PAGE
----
What is the future of cold fusion

Energy Sources: Cold Fusion - Wish or Reality?

1. What is (cold) nuclear fusion?

Normally, atomic nuclei repel each other strongly due to their positive charge. Under certain circumstances, however, their distance becomes so narrow that they merge: a nuclear fusion occurs and a new element is created. If the end product is lighter than the two original nuclei combined, energy is released and one speaks of an exothermic reaction. These reactions only occur when relatively light nuclei fuse together (iron is the heaviest element that can result from an exothermic nuclear fusion). A particularly large amount of energy is released when hydrogen nuclei combine. The "missing" mass is converted into kinetic energy of the reaction products and into radiation energy. The exothermic nuclear fusions known to date only take place in extreme heat - for example inside the sun. Here, at temperatures around ten million degrees Celsius and a pressure of 200 billion bar, hydrogen nuclei come so close that they fuse to form nuclei of helium atoms. Such conditions are not feasible on earth. Fusion reactors that produce energy could still work: Heavy hydrogen isotopes (deuterium / tritium) melt at a low pressure of a few bar - but only at 100 million degrees Celsius. Such extreme temperatures are reached, for example, in a hydrogen plasma; However, previous research projects have not yet succeeded in maintaining this permanently. When a hydrogen bomb explodes, this high temperature is created with the help of nuclear fission and thus sets the fusion process in motion.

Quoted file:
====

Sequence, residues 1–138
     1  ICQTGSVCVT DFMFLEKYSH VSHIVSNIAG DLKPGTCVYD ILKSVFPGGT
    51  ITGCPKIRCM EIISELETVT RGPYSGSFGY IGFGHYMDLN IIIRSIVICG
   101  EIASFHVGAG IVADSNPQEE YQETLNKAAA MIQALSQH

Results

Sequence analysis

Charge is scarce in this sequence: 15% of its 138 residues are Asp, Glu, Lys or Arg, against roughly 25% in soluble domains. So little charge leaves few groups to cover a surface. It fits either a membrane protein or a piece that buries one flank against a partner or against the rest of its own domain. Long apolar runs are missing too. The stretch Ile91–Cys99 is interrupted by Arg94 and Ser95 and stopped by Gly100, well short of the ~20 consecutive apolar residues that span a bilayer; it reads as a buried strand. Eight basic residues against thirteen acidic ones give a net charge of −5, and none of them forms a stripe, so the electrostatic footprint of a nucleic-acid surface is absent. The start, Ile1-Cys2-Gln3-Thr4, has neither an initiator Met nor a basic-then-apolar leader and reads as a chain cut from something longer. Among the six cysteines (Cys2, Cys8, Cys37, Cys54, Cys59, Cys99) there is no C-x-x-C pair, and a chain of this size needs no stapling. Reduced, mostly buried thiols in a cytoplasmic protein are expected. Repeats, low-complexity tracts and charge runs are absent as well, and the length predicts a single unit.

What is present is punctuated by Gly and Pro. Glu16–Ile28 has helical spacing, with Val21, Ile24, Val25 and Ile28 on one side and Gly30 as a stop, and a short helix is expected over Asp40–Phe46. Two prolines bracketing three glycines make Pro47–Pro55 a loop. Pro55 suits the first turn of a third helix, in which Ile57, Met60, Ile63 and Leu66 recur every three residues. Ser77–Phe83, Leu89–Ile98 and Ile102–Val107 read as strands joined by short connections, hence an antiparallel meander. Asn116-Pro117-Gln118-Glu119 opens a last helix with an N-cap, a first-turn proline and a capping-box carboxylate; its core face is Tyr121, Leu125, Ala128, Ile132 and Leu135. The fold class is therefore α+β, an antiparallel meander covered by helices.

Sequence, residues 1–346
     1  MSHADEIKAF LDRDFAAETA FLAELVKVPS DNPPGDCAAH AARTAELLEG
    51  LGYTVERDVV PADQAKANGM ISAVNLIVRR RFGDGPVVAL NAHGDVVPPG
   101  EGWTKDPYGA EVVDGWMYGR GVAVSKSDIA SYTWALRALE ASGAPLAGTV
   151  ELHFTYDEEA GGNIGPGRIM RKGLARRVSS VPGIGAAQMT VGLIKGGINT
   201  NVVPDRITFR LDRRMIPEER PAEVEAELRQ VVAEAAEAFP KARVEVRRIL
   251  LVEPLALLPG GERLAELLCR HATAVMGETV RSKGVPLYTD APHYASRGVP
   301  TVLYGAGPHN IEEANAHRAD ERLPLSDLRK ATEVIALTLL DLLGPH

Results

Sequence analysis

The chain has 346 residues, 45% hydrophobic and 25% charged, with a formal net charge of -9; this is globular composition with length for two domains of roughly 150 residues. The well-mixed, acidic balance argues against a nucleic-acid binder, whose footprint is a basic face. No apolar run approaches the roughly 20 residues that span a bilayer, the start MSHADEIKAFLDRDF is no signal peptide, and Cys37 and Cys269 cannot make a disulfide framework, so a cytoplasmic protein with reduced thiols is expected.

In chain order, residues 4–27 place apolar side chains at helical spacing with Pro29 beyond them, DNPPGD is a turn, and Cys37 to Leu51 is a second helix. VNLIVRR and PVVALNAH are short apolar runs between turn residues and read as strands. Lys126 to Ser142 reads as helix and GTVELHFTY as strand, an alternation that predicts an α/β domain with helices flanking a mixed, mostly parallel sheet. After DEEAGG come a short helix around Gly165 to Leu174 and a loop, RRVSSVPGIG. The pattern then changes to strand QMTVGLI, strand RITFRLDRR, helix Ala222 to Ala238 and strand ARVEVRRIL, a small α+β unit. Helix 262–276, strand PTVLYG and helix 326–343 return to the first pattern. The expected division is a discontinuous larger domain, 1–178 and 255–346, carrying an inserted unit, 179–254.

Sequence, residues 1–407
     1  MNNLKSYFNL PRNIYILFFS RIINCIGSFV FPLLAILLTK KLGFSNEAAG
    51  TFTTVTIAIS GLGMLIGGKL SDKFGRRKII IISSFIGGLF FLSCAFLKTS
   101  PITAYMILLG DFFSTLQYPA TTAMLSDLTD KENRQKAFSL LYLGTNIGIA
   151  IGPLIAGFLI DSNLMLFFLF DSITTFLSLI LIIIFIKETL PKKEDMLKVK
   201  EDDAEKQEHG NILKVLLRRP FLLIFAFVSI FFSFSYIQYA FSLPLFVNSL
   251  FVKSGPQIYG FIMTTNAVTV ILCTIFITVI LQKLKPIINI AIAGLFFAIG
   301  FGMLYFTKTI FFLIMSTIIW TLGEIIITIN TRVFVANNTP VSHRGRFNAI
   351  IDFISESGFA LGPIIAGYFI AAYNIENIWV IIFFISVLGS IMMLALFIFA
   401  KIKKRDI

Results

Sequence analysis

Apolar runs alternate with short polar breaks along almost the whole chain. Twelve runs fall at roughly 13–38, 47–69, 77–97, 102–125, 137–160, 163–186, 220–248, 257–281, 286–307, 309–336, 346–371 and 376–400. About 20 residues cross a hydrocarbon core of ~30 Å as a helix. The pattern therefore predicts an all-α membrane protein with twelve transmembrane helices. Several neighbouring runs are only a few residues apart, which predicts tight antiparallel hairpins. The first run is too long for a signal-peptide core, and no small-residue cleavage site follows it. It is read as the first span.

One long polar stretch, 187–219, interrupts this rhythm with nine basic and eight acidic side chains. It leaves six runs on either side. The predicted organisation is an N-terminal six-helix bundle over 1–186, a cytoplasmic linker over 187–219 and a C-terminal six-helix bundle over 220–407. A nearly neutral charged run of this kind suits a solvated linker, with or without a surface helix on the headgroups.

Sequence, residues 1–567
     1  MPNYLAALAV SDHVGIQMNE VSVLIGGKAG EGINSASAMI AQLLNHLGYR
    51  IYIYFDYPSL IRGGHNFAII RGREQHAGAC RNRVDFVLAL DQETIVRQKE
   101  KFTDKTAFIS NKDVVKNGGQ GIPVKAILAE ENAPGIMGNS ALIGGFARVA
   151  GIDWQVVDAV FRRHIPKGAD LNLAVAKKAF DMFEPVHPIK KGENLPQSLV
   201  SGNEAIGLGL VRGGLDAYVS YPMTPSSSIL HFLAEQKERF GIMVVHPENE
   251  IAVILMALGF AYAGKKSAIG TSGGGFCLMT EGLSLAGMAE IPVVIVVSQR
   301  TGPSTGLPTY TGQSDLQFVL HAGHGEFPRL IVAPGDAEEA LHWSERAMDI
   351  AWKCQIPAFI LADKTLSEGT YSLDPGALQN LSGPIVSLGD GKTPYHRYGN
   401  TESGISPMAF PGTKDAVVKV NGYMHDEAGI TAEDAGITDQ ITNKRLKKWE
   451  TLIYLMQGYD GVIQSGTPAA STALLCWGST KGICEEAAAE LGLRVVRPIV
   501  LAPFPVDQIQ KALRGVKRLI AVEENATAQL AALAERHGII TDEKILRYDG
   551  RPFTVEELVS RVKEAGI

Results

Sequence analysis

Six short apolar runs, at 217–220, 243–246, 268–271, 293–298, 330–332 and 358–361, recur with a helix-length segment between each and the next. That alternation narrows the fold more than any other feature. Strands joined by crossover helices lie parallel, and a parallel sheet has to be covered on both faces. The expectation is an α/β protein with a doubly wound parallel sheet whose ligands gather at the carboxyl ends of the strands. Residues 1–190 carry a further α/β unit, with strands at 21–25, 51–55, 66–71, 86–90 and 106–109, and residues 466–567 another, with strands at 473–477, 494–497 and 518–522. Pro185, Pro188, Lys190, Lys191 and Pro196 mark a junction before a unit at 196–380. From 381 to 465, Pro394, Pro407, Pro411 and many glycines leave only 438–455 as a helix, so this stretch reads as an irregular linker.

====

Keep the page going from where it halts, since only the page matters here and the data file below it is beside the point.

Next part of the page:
In order to actually use nuclear fusion as an energy source, it would be advantageous if it could also take place at low ambient temperatures. Theoretically, it cannot be ruled out that such an exothermic nuclear fusion could occur at room temperature - but it has not yet been observed experimentally. Nowadays, the English term "low energy nuclear reactions" (LENR) is used more and more because cold nuclear fusion in the classic sense may not exist. How cold fusions or at least low-energy nuclear reactions could still work can be read under points 3 and 4.

This article is included in Spectrum - Die Woche, week 48, 2014

2. How did the term cold fusion come about?

In 1926, the chemists Fritz Paneth and Kurt Peters first reported the successful conversion of hydrogen to helium at ambient temperature. A year later, they revised that statement again. 22 years later, the Russian physicist Andrei Sakharov predicted that the muons related to electrons could initiate a cold fusion process. They would act as a kind of catalyst, so that a high temperature would be superfluous. The concept of cold fusion was born. This assumption was confirmed in 1956 by the Nobel laureate in physics, Luis Alvarez. Based on his observations in a particle detector, he suspected that a nuclear fusion induced by muons must have taken place.